SK Sahanaz, a local panchayat member, from Hajratpur Panchayat, remarks ‘There has been a change among people of Kalyanpur Adivasipara’, ‘(they) have voiced their needs for the first time in last Gram Sabha. In January 2020, WFP provided a water point here and formed and trained a WUC. The motivated members of the newly formed WUC were instrumental in sharing their needs for a water connection in the Gram Sabha, which was duly acknowledged, and in October 2020 a community tap connection was provided.’

Evidence from another constituency (Khoyrasol) indicates that a total of eighteen (18) WUCs have taken action in the past six months alone, to improve water supply. Further, five WUCs in Rajnagar reported an improvement in water supply since they were constituted, with all having levied token tariffs.

The holistic impact on water resource management is also evident as per feedback from WFP India partners on the ground, who note that the WUCs meet two conditions for improved water resource management. The first is through the collection of water tariffs from the beneficiaries (local villagers of that community) to cover the cost of operation and maintenance, thereby developing a sense of ownership, as well as greater efficiency and accountability towards the assets installed in their locality. The second is an increase in the participation in decision making leading to more sustainable water usage and more equitable sharing of benefits, contributing to overall wellbeing and resilience of the communities involved, with women at the heart of this transformation.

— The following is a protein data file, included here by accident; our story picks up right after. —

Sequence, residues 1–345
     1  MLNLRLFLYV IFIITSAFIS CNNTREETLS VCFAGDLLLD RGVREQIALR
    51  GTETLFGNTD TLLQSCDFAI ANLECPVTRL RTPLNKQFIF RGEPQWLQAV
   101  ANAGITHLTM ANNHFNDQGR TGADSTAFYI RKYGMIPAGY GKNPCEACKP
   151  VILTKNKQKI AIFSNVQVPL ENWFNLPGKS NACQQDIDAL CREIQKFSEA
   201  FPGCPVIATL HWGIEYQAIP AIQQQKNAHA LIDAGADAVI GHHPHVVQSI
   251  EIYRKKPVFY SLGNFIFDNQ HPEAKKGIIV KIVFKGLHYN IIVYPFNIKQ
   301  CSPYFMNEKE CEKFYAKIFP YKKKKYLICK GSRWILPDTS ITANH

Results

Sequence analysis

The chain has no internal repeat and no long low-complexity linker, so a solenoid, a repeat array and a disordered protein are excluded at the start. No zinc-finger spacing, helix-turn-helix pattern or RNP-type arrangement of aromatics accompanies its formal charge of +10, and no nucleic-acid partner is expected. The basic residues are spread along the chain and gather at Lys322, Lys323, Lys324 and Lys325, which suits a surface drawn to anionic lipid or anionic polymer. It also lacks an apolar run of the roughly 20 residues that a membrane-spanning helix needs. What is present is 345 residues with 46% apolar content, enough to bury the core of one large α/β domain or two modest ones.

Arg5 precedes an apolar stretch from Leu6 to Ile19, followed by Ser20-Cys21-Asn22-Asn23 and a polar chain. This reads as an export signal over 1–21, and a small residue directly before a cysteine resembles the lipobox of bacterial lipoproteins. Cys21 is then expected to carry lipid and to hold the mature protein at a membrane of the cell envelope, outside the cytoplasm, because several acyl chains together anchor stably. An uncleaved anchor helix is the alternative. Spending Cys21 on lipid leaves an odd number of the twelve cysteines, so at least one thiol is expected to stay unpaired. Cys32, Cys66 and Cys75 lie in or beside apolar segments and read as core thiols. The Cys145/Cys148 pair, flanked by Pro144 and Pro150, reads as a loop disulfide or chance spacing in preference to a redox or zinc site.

Since women are disproportionately affected by lack of access to WASH facilities their involvement in key decisions related to water resource management is necessary for achieving gender justice in water usage. WUC committees are an impactful strategy for gender mainstreaming water resource management, with long term implications for achieving both SDD#5 and SDG#6.5.1 goal. It is evident that WUC provides opportunities for agency creation, through education and skill-building, which then acts as a conduit for their engaged participation at the community level, with direct and indirect impacts on their continued empowerment. In addition, empowered women who understand the significance of WASH will accelerate behavioural change at home and in their communities, thereby creating a multiplier effect for continued achievement of gender parity across the various interrelated SDGs.


1 UN Water Report, 2021. Available url: Accessed 01-06-2022

2 SDG Report, 2021. Available url: Accessed 02-06-2022

3 Jadhav, A., Weitzman, A. & Smith-Greenaway, E. Household Sanitation facilities and women’s risk on non-partner sexual violence in India. BMC Public Health, 16, 1139. Cited in Accessed 02-03-2022

4 SDG Report, 2021. Available url: Accessed 02-06-2022

5 Global Water Partnership and UNEP-DHI, 2021. Advancing towards gender mainstreaming in water resources management. Available, url:—report.pdf, Accessed 01-03-2022.